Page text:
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I have been trying examples for hours but I can't seem to grasp how to do what I want to do.

I want to return a hash from a subroutine, and I figured a reference was the best option. Here's where it gets a bit tricky. I want to reference a hash like $hash{$x}. I am still a noob at perl :/

1.First question, the examples I use seem to show it is ok to use $hashTable{$login}, should I be using %hashTable{$login} or does it not matter? Below is the code:

sub authUser  {
    $LocalPath = "/root/UserData";
    open(DATAFILE, "< $LocalPath");
    while( $linebuf = <DATAFILE> ) {
        my @arr = split(/:/, $linebuf);
        my $login = $arr[1];        # arr[1] contains the user login names
        my $hashTable{ $login } = "$arr[0]";        #$arr[0] is account number
    close DATAFILE;
    return \$hashTable{ $login };

I then want to test this data to see if a login is present, here is my test method

# test login Dr. Brule which is present in UserData
my $test = "Dr. Brule";
my $authHash = &authUser();

if ( $authHash{ $test } )  {
    print "Match for user $test";
else  {
    print "No Match for user $test";

2.Should my $authHash be really $authHash{ $something }, I am so confused on this

Edit: After some reading tips, still attempting but no dice, any help would be greatly appreciated

Edit 2: Can anyone modify my code so that I can understand the answers better? I'm sorry I can't seem to get this to work at all, I have been trying for hours and I really want to know the correct way to do this, I can post my various tries but I feel that will be a waste of real estate.

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perldoc.perl.org/perlreftut.html && perldoc.perl.org/perlref.html && use warnings; use strict; –  mpapec May 14 at 8:19

2 Answers 2

First off, as mpapec mentioned in comments, use strict; use warnings;. That will catch most common mistakes, including flagging most of the problems you're asking about here (and usually providing hints about what you should do instead).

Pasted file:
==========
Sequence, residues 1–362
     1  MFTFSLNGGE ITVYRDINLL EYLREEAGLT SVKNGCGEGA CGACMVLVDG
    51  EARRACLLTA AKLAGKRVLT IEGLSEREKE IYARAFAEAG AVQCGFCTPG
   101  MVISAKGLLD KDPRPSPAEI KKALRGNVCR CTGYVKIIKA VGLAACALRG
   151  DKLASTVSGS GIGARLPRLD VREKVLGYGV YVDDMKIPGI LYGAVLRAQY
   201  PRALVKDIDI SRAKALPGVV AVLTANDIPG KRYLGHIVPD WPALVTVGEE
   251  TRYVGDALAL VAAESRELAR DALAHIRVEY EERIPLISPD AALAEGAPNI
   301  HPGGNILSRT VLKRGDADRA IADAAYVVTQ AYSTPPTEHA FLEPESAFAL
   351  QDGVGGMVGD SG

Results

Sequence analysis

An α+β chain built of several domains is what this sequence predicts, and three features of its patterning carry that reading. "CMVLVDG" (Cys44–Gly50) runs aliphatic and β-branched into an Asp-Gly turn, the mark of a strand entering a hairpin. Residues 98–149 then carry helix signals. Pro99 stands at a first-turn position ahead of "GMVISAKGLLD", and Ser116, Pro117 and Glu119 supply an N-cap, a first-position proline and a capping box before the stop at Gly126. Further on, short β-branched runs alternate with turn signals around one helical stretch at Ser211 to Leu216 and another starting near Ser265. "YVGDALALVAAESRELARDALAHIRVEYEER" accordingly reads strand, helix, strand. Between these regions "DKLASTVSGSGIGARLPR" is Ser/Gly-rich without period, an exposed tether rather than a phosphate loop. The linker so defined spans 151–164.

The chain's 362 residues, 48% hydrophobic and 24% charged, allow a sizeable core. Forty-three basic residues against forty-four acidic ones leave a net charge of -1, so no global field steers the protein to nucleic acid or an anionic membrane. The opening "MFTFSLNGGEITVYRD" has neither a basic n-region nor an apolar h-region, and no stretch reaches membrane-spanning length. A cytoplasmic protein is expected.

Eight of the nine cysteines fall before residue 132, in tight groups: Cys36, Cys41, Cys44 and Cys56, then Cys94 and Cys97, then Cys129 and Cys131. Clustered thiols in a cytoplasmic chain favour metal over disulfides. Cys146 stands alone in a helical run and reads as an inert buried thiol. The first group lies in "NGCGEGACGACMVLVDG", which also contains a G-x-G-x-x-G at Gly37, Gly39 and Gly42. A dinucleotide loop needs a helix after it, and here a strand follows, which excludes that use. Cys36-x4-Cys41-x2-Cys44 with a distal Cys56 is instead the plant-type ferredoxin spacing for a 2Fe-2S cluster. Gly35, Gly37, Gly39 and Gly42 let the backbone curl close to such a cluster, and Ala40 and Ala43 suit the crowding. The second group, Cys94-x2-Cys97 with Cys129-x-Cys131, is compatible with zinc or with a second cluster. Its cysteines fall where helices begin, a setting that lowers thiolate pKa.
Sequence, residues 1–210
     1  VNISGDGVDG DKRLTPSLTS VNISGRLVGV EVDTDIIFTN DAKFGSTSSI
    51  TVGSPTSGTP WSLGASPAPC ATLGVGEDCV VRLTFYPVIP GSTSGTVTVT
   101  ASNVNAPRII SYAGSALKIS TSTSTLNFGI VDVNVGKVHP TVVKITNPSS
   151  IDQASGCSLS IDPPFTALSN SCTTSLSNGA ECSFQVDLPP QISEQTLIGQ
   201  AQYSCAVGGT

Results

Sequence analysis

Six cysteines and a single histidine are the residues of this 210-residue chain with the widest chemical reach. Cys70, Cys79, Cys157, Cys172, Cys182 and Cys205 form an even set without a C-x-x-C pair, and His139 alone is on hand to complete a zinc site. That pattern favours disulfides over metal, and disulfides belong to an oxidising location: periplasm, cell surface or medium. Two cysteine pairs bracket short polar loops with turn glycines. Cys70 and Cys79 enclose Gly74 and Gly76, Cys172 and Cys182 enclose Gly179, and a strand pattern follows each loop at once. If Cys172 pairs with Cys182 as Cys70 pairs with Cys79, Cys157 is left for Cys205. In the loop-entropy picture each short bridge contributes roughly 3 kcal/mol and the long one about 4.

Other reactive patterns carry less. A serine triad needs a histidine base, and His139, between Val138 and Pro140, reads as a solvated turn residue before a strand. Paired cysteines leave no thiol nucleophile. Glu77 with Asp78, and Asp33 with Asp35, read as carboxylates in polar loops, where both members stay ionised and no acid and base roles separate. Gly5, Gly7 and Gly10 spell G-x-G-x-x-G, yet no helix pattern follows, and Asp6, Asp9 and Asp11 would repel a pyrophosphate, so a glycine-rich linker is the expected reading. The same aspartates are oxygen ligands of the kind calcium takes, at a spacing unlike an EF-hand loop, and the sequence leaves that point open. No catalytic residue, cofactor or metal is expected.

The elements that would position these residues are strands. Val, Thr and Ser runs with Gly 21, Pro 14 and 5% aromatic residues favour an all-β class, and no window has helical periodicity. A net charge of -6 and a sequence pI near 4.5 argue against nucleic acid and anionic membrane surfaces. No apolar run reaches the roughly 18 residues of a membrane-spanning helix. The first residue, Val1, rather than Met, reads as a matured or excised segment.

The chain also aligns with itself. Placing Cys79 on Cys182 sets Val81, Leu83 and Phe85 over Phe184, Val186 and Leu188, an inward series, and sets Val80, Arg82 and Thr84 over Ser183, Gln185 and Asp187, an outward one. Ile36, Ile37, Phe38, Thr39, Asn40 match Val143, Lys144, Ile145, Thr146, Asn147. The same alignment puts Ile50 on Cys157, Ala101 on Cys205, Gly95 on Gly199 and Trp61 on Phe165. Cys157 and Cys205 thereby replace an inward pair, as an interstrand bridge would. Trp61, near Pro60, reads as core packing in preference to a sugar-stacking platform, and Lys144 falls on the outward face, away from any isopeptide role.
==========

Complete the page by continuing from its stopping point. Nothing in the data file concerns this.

Now to answer questions 1 and 2:

%hash is the hash as a whole. The complete data structure.

$hash{key} is a single element within the hash.

Therefore, \%hash is a reference to %hash, i.e., the whole hash, which appears to be what you intend to return in this case. \$hash{key} is a reference to a single element.

Where it gets tricky in your second question is that references are always scalars, regardless of what they refer to.

$hash_ref = \%hash

To get an element out of a hash that you have a reference to, you need to dereference it first. This is usually done with the -> operator, like so:


Note that you use -> when you start from a reference ($hash_ref->{key}), but not when you start from an actual hash ($hash{key}).

(As a side note on question 2, don't prefix sub calls with & - just use authUser() instead of &authUser(). The & is no longer needed in Perl 5+ and has side-effects that you usually don't want, so you shouldn't get in the habit of using it where it's not needed.)

For question 3, if you're only going to check once, you may as well just loop over the array and check each element:

my $valid;
for my $username (@list_of_users) {
  if ($login eq $username) {
    $valid = 1;
    last; # end the loop since we found what we're looking for

if ($valid) {
  print "Found valid username $login\n";
} else {
  print "Invalid user! $login does not exist!\n";
share|improve this answer
Thanks for the post, I have been reading up on dereference, can you elaborate on "To get an element out of a hash that you have a reference to, you need to dereference it first. This is usually done with the -> operator, like so: $hash_ref->{key}". I decided to just try to work with the reference before I get all fancy, but when I try to populate any data from the reference, I come up with nothing. –  thewrp May 14 at 9:33

You probably don't want to be doing this:

return \$hashTable{ $login };

You are returning a reference (pointer) to your hash. Try just

return $hashTable{$login} 

Which will return the account number.

Or if you really want a hash with a bunch of people in there then

return \$hashTable

is fine (don't add the {$login} part), but on the other side you need to be dereferencing.


   my $p = authUser()
   if ($p->{'Dr. Brule'})

Notice the -> in there. It de-references the pointer you passed back.

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